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The Applicant, whose father is a Chinese citizen and mother who is a Filipino, lived all

his life in the Philippines. After having completed a Bachelor of Laws course, he filed an
application to take the Bar exams in 1998. The court, in a Resolution, allowed him to take
it, subject to the condition that he must proved his Filipino Citizenship. The Applicant
complied therewith.
The Applicant, in 1999, hurdled the Bar and was scheduled to take the oath in that same
year. However, he was barred to do so, since his Filipino citizenship is still in question.
He was asked to submit further proof of his citizenship. In the same resolution, SC asked
for OSGs comment on the Applicants petition for admission and on the documents he
had presented.
OSG filed its comment, stating that under the 1935 Constitution the Applicant still was a
Chinese citizen, unless he had elected Philippine citizenship upon reaching the age of
majority; as it turned out, the Applicant had not yet done so.
OSG clarified the clause upon reaching the age of majority" to mean a reasonable time
after reaching the age of majority which had been interpreted by the Secretary of Justice
to be three (3) years. The aforesaid period may be extended under certain special
circumstances, held by SC in Cuenco vs. Secretary of Justice. Thereafter, the Applicant
filed a Manifestation, attaching therewith his Election of Philippine Citizenship and his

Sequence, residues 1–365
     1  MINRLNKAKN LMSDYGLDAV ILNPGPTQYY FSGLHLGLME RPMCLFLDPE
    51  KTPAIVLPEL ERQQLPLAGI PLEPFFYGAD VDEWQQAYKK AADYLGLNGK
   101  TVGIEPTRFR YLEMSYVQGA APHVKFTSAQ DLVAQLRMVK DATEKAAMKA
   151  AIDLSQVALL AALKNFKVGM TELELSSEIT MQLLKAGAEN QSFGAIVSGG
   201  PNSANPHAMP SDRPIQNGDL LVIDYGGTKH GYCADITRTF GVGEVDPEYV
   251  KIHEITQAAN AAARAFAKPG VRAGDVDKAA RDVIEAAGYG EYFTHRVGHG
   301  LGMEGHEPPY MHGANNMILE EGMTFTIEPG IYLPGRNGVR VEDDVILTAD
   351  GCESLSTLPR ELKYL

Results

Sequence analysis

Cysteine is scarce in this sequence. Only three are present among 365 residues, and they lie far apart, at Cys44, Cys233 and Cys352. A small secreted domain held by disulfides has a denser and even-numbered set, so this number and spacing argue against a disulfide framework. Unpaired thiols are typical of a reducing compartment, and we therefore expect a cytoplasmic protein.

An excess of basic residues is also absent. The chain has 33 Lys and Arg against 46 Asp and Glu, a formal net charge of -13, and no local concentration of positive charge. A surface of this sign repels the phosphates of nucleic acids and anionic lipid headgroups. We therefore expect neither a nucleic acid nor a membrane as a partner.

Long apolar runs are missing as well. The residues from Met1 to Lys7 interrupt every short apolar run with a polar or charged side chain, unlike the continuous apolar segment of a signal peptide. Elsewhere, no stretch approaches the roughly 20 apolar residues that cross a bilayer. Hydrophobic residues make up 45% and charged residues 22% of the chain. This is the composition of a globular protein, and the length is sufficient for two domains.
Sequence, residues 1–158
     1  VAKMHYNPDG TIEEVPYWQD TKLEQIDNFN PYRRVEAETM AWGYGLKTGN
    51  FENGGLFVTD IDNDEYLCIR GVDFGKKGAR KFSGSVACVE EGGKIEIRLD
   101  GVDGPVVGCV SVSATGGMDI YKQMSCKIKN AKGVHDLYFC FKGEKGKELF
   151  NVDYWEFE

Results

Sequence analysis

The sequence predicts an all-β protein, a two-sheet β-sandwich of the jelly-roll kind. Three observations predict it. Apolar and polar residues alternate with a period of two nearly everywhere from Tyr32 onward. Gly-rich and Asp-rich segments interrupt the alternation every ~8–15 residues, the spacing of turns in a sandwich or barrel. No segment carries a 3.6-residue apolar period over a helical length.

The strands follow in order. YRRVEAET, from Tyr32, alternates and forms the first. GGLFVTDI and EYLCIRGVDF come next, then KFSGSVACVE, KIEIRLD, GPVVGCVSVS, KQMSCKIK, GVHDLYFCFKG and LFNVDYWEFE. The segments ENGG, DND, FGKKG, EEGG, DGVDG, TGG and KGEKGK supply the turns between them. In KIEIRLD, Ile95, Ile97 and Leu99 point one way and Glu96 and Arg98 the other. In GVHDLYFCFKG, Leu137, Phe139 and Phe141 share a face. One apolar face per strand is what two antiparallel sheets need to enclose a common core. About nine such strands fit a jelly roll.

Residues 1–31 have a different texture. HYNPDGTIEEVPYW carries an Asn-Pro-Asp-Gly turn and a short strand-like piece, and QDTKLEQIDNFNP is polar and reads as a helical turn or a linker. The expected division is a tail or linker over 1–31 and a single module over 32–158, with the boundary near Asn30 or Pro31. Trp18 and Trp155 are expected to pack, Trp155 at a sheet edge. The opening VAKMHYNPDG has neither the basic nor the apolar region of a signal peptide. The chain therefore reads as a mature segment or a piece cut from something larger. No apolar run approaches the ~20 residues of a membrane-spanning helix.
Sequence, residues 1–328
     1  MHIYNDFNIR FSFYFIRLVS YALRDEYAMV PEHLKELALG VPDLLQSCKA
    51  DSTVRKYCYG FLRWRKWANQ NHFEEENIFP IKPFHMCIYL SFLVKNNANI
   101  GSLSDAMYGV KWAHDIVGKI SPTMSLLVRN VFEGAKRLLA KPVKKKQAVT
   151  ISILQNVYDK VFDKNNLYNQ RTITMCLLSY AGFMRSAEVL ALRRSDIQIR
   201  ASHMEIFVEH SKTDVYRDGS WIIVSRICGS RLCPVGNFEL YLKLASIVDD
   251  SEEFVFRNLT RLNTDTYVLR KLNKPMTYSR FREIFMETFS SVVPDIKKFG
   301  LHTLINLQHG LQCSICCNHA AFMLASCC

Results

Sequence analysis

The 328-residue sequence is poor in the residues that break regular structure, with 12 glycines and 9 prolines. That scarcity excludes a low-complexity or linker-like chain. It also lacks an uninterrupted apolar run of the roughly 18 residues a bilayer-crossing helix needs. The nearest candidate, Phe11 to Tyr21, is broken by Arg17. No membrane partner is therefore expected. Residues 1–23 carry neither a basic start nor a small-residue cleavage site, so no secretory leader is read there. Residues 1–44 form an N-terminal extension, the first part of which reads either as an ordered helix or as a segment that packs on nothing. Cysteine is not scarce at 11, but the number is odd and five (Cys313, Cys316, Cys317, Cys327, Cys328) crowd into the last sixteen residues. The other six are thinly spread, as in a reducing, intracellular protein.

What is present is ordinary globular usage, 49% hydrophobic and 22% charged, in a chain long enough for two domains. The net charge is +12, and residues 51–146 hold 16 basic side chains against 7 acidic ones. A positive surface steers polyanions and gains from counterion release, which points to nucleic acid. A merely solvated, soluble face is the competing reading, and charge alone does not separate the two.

Oath of Allegiance.
Now that the Applicant had already elected Philippine citizenship, the question raised
was whether he had elected Philippine citizenship within a "reasonable time."
Although the 1935 Constitution and C.A. No. 625, both controlling over the issue at bar,
prescribed that the Applicant was a Chinese citizen, still, they did not prescribe a time
period within which the election of Philippine citizenship should be made. The 1935
Charter only provides that the election should be made "upon reaching the age of
majority."
The Applicant, thereafter, invoked that his so-called special circumstances warranted
informal election of citizenship, citing In re: Florencio Mallare. Court found this citation
to be "misplaced" since the facts and circumstances obtaining therein are very different
from those in the present case, thus, negating its applicability
In conclusion, the Court regrettably denied the application, lamenting that even under
special circumstances, as invoked by the Applicant; they held that it was not alone
sufficient, that the Applicant failed to validly elect Philippine citizenship within the
reasonable period. The Applicant also failed to state the reason he delayed his election of
Philippine citizenship. As parting words, the Court sagely pointed that "Philippine
citizenship can never be treated like a commodity that can be claimed when needed and
suppressed when convenient.